European Central Bank President Mario Draghi says the ECB could take targeted steps to get credit flowing to struggling small businesses as a way to boost Europe’s tepid economic recovery.
Draghi said at a conference in Sintra, Portugal, that an inability to get credit was hurting viable companies in countries such as Spain and Portugal and holding back regional growth.
He said the ECB could make more cheap credit available to banks, to encourage them to make new loans to borrowers in turn. Or, the ECB could purchase securities based on loans to small companies, an indirect way of making money available which would take the risks of borrower defaults off the balance sheet of commercial banks and onto the ECB's balance sheet.
The central bank's balance sheet, unlike that of commercial banks, is not subject to bankruptcy rules.
Draghi said that such measures "could help reduce the drag on the recovery coming from temporary credit supply constraints."
The ECB is widely expected to take some form of action at its next policy meeting on June 5, but Draghi would not specify what the bank was likely to do.
Many economists think the bank will cut its benchmark interest rate from what is already a record low of 0.25 percent. That would marginally reduce the cost of credit when banks borrow from the ECB, in hopes they would pass such lower rates on.
The ECB could also impose a negative interest rate on money that banks deposit with it, pushing them to lend instead of hoard it.
Not a cure-all
However, it is unclear whether credit supply is the main problem holding back business investment. It could instead be credit demand.
It's not clear why businesses operating in an environment of mass unemployment and consequent low consumer demand, at a time when most people have little money to spend, should be interested in hiring more employees or investing in new projects.
Making the cost of borrowing marginally cheaper to businesses, when interest rates are already extremely low, does very little to stoke credit demand.
The eurozone faces a slow recovery, with growth of just 0.2 percent in the first quarter, and high unemployment of 11.8 percent. Nearly all of that growth has been in the already prosperous northern countries like Germany.
The economies of most southern countries continued to shrink in 2013, although some showed signs of having hit bottom in early 2014.
A more drastic but far less likely step for the ECB would be to start buying bonds and other securities in secondary bond markets, to increase the amount of circulating money in the financial economy, and help lower market interest rates. The U.S. Federal Reserve (the US central bank) has done this with some success.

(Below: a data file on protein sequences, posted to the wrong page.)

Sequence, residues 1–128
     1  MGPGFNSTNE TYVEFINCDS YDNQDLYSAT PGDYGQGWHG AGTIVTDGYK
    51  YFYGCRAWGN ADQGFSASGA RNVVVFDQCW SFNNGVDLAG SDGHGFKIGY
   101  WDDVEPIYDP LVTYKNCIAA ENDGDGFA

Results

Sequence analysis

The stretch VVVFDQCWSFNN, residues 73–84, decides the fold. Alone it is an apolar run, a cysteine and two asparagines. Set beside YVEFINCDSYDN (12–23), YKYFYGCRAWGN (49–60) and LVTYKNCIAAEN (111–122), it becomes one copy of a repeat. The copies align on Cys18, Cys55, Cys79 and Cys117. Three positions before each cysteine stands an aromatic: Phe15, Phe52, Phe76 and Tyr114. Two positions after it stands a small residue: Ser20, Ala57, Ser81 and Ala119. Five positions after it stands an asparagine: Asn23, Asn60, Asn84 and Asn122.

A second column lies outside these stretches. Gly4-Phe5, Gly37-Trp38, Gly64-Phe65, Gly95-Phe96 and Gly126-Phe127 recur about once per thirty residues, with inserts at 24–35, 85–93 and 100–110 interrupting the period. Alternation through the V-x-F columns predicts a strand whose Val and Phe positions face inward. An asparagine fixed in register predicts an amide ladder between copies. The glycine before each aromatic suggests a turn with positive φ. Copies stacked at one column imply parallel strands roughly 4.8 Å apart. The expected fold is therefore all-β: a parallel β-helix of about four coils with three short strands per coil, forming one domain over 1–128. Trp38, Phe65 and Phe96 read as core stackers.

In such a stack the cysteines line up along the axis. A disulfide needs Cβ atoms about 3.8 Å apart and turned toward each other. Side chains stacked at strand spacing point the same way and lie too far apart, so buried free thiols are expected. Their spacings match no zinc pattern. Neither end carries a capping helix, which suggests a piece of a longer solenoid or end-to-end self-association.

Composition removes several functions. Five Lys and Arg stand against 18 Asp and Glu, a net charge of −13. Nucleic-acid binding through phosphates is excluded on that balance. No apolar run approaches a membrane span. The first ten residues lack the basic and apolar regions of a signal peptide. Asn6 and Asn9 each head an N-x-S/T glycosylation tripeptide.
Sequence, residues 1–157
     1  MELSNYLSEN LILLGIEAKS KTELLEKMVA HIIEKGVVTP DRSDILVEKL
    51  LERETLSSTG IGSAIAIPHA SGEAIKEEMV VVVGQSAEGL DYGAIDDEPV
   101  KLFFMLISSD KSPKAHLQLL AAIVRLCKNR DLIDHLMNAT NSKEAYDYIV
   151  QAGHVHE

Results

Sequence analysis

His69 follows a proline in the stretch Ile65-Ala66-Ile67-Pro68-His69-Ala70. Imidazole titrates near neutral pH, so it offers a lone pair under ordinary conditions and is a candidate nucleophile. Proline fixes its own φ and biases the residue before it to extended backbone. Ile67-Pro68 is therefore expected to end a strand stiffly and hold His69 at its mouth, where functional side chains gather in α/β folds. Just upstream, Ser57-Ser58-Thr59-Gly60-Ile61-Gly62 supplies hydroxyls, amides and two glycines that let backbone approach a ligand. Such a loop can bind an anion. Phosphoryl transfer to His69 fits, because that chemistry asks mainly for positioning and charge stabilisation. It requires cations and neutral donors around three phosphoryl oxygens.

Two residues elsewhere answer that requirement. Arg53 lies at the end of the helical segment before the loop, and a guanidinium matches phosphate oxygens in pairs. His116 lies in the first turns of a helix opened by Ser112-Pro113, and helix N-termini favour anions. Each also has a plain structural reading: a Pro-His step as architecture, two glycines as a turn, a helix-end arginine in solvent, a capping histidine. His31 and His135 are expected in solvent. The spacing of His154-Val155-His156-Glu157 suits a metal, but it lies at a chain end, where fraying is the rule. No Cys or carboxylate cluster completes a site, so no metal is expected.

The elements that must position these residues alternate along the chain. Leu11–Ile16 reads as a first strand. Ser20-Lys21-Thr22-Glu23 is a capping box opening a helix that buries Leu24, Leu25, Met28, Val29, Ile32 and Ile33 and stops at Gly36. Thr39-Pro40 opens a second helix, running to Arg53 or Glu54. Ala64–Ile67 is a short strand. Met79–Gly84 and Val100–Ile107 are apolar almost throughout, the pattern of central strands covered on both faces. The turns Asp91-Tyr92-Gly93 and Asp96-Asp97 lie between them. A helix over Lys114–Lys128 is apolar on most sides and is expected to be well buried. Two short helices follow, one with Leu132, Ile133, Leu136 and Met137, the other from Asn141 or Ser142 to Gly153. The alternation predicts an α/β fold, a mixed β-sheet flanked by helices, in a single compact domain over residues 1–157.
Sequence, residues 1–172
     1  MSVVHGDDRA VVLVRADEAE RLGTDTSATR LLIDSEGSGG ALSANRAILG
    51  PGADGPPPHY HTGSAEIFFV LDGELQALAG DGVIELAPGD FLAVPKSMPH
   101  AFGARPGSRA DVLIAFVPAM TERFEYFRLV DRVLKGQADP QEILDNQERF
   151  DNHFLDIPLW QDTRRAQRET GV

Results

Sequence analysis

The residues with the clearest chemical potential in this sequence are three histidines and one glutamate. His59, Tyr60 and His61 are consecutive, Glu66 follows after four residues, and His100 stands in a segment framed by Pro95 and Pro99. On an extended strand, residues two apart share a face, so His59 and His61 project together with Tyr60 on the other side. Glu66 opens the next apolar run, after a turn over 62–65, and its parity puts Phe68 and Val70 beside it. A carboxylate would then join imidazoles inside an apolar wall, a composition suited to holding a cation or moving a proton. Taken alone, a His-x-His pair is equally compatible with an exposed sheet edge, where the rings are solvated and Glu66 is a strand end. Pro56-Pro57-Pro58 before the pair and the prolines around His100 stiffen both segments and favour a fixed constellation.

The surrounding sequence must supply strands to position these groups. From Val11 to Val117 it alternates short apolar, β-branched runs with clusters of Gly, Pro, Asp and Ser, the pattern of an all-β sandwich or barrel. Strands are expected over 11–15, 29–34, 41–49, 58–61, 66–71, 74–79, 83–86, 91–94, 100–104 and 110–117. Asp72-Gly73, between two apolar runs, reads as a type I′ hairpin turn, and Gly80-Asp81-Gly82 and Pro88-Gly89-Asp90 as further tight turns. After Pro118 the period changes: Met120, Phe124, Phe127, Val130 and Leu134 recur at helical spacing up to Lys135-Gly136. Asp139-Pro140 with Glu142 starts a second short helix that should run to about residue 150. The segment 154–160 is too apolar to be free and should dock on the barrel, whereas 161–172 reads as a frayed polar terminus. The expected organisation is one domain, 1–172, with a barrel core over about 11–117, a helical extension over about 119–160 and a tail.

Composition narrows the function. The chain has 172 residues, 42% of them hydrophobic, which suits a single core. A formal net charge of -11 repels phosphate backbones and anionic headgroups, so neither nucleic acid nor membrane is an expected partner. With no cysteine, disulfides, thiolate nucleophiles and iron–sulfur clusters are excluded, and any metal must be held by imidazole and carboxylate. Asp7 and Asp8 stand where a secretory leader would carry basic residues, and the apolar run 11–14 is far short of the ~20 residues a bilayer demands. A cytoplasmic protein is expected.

ECB purchases of government bonds from secondary markets would flood institutional investor' portfolios with money, which they would have to reinvest. This flood of money would tend to drive up the prices of other financial investment assets, such as corporate stocks - as has happened in the USA.
The Federal Reserve has engaged in sustained massive purchases of bonds from secondary markets, often termed "quantitative easing" or QE, to the tune of about $80 billion per month for the past two years.
QE also tends to increase the inflation rate. This is not necessarily undesirable. There are concerns that a eurozone low inflation rate of 0.7 percent, well below the ECB's target inflation rate of just under 2 percent, could become ingrained for a long time.
Low inflation makes it harder for countries and companies that have piled up too much debt to work off those burdens; that's why low inflation may be appealing to creditors, but harmful to debtors. Draghi said the ECB was "not resigned" to the current low level of inflation.
The wealth effect
The main purported benefit of QE, according to its proponents, is that increases in asset prices (such as pumped-up stock prices) results in a "wealth effect" - i.e. some people or corporates who hold stocks that gain in price would sell them to take profits, and then spend that money into the real economy, on consumption or investment goods, thus stimulating demand and boosting GDP.
However, economists who have studied the empirical data suggest that the "wealth effect" on GDP is very small. Some suggest that a far better way to stimulate aggregate demand would be for the ECB to purchase newly issued bonds directly from a government infrastructure fund, thereby creating new money for new projects and new jobs directly.
They point out that this would also be much more socially fair than artificially pumping up stock prices, which benefits only those who are already wealthy enough to have substantial stock-holdings.
But ECB purchases of newly issued bonds from government agencies are illegal under the 1992 Maastricht Treaty on European Union, which established the basic terms of reference for the ECB.
The restriction was imposed out of a fear that governments might over-spend and cause high inflation if the central bank were allowed to directly finance governments.